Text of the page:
“We have seen first-hand how these mind-body programs have helped our employees deal with stress more effectively and help them achieve better overall health,” says Elease Wright, head of Human Resources at Aetna.
CEOs recognize another benefit of mindfulness training: It enhances their powers of observation and concentration, making them better leaders. Steve Jobs reportedly credited his Zen meditation with improving his focus and creativity as he was developing products for Apple. An entirely new field of consultants and advisers is springing up to help business executives and supervisors harness the potential of mindfulness in their work.
As mentioned earlier, the U.S. military has taken a strong interest in mindfulness as a means of preventing, or reducing, the effects of PTSD and other combat-related disorders. Military officials also are seeing evidence that soldiers who meditate regularly are less reactive and more resilient, which enables them to make better split-second decisions that often have life or death consequences.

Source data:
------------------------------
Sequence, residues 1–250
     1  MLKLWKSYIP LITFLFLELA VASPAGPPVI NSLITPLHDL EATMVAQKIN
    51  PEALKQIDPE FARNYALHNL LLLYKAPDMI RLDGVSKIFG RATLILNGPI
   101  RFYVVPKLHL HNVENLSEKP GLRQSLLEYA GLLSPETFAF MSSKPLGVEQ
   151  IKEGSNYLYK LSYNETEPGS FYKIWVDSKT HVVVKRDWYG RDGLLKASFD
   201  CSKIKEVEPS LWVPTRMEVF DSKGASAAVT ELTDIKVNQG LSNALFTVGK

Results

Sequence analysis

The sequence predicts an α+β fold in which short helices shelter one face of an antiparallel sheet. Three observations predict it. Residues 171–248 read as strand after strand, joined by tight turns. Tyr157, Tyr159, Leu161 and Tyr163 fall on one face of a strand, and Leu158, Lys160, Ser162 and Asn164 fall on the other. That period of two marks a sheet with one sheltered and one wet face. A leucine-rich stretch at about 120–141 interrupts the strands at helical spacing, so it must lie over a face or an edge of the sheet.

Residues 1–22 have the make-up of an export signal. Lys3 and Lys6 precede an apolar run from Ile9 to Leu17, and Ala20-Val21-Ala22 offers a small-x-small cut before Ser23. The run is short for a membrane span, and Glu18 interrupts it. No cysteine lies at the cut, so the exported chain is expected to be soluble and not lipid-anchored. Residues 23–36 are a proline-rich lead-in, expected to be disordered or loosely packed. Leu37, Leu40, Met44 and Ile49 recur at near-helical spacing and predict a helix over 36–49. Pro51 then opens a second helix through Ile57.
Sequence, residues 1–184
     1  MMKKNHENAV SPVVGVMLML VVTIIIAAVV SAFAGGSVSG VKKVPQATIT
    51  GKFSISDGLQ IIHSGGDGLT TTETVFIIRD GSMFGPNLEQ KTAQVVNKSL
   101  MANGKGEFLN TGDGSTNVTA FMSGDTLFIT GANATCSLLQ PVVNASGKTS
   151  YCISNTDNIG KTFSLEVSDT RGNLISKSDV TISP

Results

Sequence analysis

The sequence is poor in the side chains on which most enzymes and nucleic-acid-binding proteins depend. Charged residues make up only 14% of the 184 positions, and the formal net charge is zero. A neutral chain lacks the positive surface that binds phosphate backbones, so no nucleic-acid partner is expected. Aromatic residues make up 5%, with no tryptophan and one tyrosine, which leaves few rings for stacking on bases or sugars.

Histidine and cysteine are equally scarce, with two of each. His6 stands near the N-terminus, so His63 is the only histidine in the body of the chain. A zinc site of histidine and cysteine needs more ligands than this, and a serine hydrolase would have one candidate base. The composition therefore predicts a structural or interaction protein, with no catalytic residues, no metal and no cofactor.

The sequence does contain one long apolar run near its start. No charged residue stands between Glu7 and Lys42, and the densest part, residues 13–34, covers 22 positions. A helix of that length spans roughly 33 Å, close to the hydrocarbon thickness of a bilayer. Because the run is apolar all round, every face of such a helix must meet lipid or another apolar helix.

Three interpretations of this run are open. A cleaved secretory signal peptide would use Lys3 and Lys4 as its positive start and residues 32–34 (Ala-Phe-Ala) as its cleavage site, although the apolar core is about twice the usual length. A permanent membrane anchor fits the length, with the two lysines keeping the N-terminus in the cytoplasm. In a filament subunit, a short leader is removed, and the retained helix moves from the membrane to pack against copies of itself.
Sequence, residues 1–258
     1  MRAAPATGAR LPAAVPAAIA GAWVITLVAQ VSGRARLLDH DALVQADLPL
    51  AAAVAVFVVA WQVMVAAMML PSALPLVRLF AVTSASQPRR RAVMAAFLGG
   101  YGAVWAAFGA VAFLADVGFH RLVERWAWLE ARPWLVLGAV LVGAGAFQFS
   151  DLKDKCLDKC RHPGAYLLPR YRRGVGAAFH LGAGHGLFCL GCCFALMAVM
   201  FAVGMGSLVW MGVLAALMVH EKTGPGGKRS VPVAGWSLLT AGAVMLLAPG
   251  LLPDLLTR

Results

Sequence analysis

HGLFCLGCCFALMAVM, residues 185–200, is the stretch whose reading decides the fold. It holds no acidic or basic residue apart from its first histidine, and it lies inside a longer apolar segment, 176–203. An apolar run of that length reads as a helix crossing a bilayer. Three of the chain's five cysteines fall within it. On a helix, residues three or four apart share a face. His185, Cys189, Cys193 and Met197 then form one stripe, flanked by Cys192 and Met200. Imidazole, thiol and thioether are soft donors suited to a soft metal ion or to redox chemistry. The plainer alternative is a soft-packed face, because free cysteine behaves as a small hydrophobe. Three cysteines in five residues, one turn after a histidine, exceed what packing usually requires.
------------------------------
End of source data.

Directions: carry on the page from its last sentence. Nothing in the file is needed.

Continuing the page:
Mindfulness shows great promise in the world of education. Teachers find that mindfulness training helps them become more effective in the classroom, and schools that teach mindfulness techniques to students report that children experience lower levels of stress, anxiety, and conflict with peers while improving their concentration.
In Milton, Mass., even the youngest of the district’s students are learning about mindfulness. Andy Kelley, a Milton dad who started a program called Boston Buddha, teaches mindfulness techniques to kindergarten through fifth grade students as part of a before-school enrichment program. His young students practice a series of exercises that focus on the five senses to help them understand how the sound of a pencil tapping, the smell of pizza, or the sight of a classmate fidgeting can distract them. "The magic moment where they understand mindfulness is when they can catch themselves not paying attention; that's their chance to control their impulsivity. It helps them stop themselves from doing things like jumping on the couch or whacking their younger brother," Kelley told the Huffington Post.